Santa Maria teacher protests family separation at the border

CALM: Child stress likely to cause health issues

Santa Maria teacher protests family separation at the border

SANTA MARIA, Calif. - Former First Lady Laura Bush came forward calling the separation of families "cruel" and "immoral." This growing backlash surrounding what's happening at the United States' borders prompted a Santa Maria school teacher to take action.

Child advocacy groups say family separation is a form of childhood trauma and 256 miles wouldn't stop one local woman's fight to put an end to it.

“It’s just horrible that our government is doing this to people," said Elizabeth Osborne, a Central Coast resident protesting just outside of San Diego Monday.

Osborne spent most of the day Friday calling almost every Republican Senator.

“I was shocked that no one spoke out against it and I thought to myself well I can either sit on the couch and make a bunch more phone calls on Monday or I could drive down here and protest in person,' said Osborne. 

So with that, Osborne left her Solvang home at 3:45 a.m. Monday morning and drove to El Cajon, protesting outside a detention facility housing over 60 migrant boys, the same shelter Nancy Pelosi and about a dozen other lawmakers just visited.

“I have a very strong feeling about what is happening here.  I’m very disappointed in what’s going on with our nation and separating children from their parents is not anything that anybody should do, least of all the United States of America," said Osborne. 

The Pioneer Valley High School Teacher says many of her students have immigrant backgrounds and watching families be torn apart is reminiscent of historical events she’s taught in the classroom.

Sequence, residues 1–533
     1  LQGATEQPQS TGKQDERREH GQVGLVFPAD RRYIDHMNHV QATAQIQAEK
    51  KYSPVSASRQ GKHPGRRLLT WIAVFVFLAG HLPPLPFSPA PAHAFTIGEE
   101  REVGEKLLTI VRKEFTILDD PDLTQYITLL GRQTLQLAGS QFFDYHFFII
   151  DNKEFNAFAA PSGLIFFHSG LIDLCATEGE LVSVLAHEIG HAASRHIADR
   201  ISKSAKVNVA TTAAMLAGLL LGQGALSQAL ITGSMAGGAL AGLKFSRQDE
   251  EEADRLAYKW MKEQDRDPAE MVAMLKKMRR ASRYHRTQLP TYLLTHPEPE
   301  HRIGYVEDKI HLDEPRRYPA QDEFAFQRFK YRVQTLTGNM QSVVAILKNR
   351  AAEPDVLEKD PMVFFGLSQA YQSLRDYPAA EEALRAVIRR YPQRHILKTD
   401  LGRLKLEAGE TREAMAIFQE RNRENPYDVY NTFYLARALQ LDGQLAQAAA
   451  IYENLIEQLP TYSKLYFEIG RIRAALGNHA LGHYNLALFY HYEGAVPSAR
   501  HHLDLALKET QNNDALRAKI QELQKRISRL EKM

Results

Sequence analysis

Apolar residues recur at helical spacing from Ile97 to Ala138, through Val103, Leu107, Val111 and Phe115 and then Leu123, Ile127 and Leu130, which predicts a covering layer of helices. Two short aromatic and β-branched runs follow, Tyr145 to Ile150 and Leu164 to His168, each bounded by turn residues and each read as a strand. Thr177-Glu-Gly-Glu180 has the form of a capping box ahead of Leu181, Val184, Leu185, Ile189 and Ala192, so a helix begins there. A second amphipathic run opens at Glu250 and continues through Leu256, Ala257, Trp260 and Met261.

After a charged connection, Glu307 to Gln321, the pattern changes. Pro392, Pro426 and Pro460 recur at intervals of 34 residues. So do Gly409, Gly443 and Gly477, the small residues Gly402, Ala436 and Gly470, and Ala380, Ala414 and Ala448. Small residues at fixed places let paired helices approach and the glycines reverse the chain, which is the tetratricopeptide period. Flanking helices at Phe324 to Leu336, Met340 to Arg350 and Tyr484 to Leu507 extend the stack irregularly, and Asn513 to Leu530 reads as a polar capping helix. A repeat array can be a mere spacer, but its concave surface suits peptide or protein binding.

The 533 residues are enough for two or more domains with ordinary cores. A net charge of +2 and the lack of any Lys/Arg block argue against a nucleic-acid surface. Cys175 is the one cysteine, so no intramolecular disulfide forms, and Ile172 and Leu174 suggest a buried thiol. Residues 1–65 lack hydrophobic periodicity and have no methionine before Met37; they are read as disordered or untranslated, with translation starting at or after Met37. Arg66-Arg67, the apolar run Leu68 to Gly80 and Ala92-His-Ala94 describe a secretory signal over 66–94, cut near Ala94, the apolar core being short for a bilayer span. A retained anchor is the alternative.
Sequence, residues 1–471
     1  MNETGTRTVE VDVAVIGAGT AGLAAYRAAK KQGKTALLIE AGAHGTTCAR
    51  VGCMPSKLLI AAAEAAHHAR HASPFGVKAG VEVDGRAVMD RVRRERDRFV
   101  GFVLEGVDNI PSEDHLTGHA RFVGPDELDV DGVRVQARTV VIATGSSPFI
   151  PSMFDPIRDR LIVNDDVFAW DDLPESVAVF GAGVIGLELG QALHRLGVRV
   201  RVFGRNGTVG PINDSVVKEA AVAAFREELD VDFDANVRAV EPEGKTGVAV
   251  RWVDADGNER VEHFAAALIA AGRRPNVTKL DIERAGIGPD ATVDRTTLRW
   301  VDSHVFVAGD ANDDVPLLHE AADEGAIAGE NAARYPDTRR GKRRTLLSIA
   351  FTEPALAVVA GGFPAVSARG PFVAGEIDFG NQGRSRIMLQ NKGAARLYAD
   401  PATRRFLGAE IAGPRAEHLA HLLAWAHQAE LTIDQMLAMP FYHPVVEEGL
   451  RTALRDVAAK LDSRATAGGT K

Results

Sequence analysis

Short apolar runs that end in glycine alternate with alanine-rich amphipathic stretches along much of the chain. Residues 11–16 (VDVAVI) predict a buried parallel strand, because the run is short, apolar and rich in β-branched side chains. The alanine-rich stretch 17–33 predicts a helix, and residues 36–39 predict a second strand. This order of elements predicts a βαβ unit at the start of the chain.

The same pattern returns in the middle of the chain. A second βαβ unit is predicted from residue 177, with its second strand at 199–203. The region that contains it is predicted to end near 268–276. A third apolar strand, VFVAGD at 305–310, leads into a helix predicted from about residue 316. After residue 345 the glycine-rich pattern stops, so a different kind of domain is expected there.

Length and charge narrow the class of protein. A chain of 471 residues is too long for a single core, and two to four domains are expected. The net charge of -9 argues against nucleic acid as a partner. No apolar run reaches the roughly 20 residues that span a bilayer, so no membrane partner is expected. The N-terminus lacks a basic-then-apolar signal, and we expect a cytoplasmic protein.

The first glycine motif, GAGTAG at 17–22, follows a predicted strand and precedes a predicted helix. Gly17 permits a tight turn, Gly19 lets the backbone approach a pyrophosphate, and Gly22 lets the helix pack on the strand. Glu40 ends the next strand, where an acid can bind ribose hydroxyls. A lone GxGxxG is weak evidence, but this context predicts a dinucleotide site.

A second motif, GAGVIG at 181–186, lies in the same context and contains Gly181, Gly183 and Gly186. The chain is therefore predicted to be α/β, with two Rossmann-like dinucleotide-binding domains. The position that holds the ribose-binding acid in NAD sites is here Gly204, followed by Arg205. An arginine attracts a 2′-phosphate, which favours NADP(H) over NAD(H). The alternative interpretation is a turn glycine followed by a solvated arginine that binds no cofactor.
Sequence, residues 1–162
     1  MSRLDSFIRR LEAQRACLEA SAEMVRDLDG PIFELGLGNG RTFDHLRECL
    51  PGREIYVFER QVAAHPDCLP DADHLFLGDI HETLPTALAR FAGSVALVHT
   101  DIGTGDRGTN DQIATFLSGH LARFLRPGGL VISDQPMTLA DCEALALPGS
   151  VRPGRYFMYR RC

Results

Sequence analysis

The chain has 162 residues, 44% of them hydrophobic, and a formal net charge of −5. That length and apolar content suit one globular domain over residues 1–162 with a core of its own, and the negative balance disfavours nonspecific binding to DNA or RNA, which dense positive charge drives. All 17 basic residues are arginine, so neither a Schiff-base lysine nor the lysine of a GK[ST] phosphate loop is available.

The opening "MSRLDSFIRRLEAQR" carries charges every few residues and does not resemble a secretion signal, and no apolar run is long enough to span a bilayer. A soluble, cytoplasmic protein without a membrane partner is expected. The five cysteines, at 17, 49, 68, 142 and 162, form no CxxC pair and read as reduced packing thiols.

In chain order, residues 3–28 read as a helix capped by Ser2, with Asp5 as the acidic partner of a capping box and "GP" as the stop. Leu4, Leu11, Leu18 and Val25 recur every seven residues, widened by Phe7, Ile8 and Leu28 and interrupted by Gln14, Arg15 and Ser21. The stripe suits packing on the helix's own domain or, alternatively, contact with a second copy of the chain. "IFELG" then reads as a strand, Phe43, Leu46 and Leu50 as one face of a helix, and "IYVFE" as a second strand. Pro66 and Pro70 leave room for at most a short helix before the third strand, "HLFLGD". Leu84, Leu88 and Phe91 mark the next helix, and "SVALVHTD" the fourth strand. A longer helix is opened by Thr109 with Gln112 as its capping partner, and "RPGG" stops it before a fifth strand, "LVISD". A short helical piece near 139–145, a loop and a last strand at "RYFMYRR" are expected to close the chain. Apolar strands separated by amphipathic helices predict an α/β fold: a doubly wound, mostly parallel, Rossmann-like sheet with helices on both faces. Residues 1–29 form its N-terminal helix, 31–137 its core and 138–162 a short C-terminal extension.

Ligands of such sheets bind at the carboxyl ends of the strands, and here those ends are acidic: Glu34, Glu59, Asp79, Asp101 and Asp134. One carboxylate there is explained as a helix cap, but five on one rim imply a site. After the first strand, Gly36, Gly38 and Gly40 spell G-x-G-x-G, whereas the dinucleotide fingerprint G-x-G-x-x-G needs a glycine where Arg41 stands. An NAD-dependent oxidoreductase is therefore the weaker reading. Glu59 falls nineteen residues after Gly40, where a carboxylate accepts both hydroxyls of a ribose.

Kids being taken away from their parents and separated during World War II and it’s also similar the internment camps and I just don’t think we should repeat that," said Osborne. 

Experts in preventing childhood trauma say the over 2,3000 children stripped from their parents arms are likely experiencing high levels of chronic repeated stress.

“Their coping mechanism, especially a really young child, is their parent.  So they learn about the world and they are able to de-stress by that relationship with their caregiver so when they're separated from their caregiver, all of a sudden they don't have that coping mechanism," said Sandra Fuhring, CALM North County Development Director. 

Fuhring says it’s likely these kids are experiencing nightmares and long-term, lasting effects on their physical and mental health.  “Children who are exposed to chronic stress are more likely to experience things like depression anxiety.  They’re more likely to develop long-term health problems like lung disease heart disease.  They’re more likely to be suicidal," she said. 

Experts say the separation impacts younger children, under the age of five, the most because their brains are still developing.  Short-term, the stress can impact the brains' ability to learn.

"Children who have been exposed to six or more traumas have a 20-year shorter lifespan than children who haven't been exposed to that many stressors," said Fuhring. 

Osborne was planning on driving back home to Solvang once it got dark along the border.

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